Some years before, I had worked as a Sports Manager for David Murray, a successful businessman and the owner of Glasgow Rangers football club. In his business manifesto he highlights the first golden rule of management 'surround yourself with people more competent than you.' Based on this ideology I set out to build a team of loyal, motivated coaches and support staff. Each member of the team brought their own individual talents, technicians, motivators, organizers. Central to the team was the support we recieved from Team Danmark (the Danish equivalent of UK sport). TDK provided vital non judo specific support in the shape of specialist doctors, physiotherapists, dieticians, sports psychologist and an excellent weights and conditioning coach.

The other crucial factor for our future success would be our ability to plan well. Not planning for planning's sake but practical workable step by step guidelines with achieveable goals. With a few exceptions most Dane's experience of international contest was negative. After a while some accepted the inevitable defeat long before they stepped on the mat. I introduced the winning habit strategy. Reduce the level of tournaments and build players confidence. As the results improve so too will the level of the event. In 1997 the first tournament I attended with a Danish team was the Scottish Open. With 8 players we got 2 Bronzes. In 2000 we again attended the Scottish Open this time with only 4 players and only one survivor from 1997, this time we took 1 Gold, 2 Silver and 1 Bronze. Hardly the Olympic Games but small steps in the right direction.

The main focus is still very much long term, we have now established a sound cadet and junior programme which saw the juniors take part in 14 international tournaments and 11 international training camps in 2000. If we are to compete with professionals we too must become more professional. In August 2001 we begin a full time elite training programme linked to full time education. Team Danmark have created a sports village with purpose built facilities for 5 selected sports one of which is judo. Included in the complex is a purpose built combat center, weight training facilities, on site medical support services, accommodation and resturaunt facilties. The criteria for inclusion in the programme is simple: being a national squad member, being committed to the elite programme and the crucial element, all participants must be in full-time education or employment. This is the key to the project's success, it is our duty not only to prepare our players for elite sport but, more importantly, prepare them for life by giving them a bright future.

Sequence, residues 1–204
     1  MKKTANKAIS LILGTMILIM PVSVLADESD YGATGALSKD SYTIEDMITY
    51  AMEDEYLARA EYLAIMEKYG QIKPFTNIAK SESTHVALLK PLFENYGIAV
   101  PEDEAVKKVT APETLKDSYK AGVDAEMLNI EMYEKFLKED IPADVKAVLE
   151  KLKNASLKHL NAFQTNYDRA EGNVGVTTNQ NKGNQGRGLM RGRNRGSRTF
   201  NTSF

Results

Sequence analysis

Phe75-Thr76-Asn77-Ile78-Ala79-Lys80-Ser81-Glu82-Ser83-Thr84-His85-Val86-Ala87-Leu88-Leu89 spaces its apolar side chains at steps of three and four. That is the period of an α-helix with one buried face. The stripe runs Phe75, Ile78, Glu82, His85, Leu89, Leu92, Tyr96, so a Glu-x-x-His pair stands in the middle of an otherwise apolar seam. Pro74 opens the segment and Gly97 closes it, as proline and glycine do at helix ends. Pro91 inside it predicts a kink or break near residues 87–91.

In June 1997 we had 5 players at the Team Danmark elite center, today we have 21. The average age of our National squad members is 17 years old. We still have a lot of work ahead and a very long way to go before the first Dane steps on the rostrum at the Olympic Games. But we continue to build the system, it is only a matter of time before that potential Olympic medallist walks in through the dojo door and when they do, we will be ready for them. We know we can!

Dansk judo Unions Elite policy mission statement "Achieve and sustain top level international success through a structured and systematic approach to elite development".

Peter Gardiner